Oil prices rose on Wednesday, building on solid gains overnight, thanks to a combination of a weaker dollar and expectations the incoming U.S. administration will deliver massive stimulus spending that would lift fuel demand and draw down crude stocks.
U.S. West Texas Intermediate (WTI) crude futures climbed 41 cents, or 0.77%, to $53.39 a barrel at 0750 GMT, building on a 1.2% rise on Tuesday.
Brent crude futures rose 37 cents, or 0.66%, to $56.27 a barrel, adding to a 2.1% gain on Tuesday.
U.S. President-elect Joe Biden’s Treasury Secretary nominee Janet Yellen urged lawmakers on Tuesday to “act big” on pandemic relief spending, reinforcing hopes of massive spending to boost growth.
“Certainly the expectation is that will support better growth and better demand in the U.S.,” said National Australia Bank’s head of commodity research, Lachlan Shaw.
A fall in the dollar index following Yellen’s remarks also helped oil to rally, said Jeffrey Halley, senior market analyst at OANDA.
Traders will be watching out for U.S. crude and products inventory data due from the American Petroleum Institute on Wednesday and from the Energy Information Administration on Friday.
“Markets are anticipating U.S. commercial crude inventories to fall for six weeks in a roll, underpinning oil prices,” said DailyFX strategist Margaret Yang.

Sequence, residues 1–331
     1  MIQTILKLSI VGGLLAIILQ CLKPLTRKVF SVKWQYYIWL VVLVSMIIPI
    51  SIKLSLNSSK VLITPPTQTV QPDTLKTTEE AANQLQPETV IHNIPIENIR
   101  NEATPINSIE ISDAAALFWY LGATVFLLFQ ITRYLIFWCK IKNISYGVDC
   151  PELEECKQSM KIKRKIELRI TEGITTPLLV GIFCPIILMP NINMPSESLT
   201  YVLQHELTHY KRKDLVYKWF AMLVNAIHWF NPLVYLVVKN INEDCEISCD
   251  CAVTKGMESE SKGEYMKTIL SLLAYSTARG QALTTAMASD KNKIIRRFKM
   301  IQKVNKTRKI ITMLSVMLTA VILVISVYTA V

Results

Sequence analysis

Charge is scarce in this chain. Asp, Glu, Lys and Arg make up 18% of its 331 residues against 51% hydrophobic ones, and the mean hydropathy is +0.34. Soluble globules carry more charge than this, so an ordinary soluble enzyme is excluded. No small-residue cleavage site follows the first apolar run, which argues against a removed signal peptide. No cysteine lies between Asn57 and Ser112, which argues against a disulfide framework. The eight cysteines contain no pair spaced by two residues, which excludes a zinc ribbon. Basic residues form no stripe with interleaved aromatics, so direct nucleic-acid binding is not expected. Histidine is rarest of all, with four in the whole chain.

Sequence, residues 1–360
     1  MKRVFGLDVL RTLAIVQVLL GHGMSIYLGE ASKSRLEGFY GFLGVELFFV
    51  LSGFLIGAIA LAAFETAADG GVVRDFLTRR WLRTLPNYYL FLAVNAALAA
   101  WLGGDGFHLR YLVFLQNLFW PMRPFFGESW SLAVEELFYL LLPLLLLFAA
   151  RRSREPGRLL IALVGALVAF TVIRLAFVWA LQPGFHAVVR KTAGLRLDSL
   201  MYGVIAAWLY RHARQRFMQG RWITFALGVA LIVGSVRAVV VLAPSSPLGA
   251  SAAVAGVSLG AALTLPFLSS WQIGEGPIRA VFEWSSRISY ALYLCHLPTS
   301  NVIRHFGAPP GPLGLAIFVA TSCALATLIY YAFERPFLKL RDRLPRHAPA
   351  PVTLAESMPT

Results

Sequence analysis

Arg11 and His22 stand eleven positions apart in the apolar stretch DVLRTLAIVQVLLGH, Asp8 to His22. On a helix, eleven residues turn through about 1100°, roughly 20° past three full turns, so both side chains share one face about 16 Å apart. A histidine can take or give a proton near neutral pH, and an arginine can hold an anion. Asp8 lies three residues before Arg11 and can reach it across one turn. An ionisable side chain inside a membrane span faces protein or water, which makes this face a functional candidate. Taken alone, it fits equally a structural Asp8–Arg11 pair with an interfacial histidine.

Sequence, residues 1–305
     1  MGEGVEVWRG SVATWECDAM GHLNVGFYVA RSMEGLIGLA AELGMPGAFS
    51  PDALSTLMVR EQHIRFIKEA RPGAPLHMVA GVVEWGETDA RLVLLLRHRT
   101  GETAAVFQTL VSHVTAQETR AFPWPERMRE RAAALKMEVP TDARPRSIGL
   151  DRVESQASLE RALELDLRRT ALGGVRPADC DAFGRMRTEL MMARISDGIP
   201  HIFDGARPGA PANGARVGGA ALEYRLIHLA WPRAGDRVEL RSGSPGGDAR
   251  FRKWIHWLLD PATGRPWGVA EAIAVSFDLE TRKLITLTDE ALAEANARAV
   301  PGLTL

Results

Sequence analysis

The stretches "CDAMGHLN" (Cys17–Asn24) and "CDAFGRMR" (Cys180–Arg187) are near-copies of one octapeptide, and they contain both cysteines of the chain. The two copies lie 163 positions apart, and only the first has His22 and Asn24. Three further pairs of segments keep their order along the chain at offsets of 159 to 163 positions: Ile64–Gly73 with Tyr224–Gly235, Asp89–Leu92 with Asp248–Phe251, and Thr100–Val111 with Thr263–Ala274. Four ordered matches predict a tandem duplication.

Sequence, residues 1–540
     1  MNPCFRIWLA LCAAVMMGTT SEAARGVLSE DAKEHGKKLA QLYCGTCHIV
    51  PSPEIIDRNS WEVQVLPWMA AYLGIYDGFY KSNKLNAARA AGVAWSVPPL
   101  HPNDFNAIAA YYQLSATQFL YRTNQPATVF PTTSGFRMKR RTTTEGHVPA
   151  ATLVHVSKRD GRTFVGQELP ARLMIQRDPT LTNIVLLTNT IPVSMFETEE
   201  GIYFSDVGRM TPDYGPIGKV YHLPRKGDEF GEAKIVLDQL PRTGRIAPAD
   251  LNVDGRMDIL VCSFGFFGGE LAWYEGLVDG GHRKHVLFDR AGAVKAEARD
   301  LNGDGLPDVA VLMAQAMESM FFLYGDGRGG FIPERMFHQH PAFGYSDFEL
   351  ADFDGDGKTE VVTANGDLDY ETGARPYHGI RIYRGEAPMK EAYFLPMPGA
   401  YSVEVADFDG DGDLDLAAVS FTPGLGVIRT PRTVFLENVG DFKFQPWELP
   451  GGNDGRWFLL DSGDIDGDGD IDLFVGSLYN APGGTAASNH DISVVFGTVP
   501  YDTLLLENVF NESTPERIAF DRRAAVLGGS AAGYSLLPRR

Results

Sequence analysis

Six analysts polled by Reuters estimated, on average, that crude stocks fell by 300,000 barrels in the week to Jan. 15, but expect gasoline stockpiles rose by 3.0 million barrels. Distillate inventories, which include diesel, heating oil and jet fuel, were seen up by 800,000 bbl.
On the whole, however, the market remains concerned about near-term oil demand as the International Energy Agency cut its outlook for first-quarter oil consumption by 580,000 barrels per day, due to tight lockdowns and border closures to stop soaring COVID-19 infections.
China’s capital Beijing on Wednesday announced stricter COVID-19 control measures and will shut down a subway station after the city reported its biggest daily jump in new COVID-19 cases in more than three weeks.
The country is experiencing its most severe COVID-19 outbreak since March 2020 ahead of the key Lunar New Year holiday season. More than 20 provincial-level regions have asked people to stay put during the holiday.
Germany on Tuesday extended a lockdown for most shops and schools for another two weeks, to Feb. 14.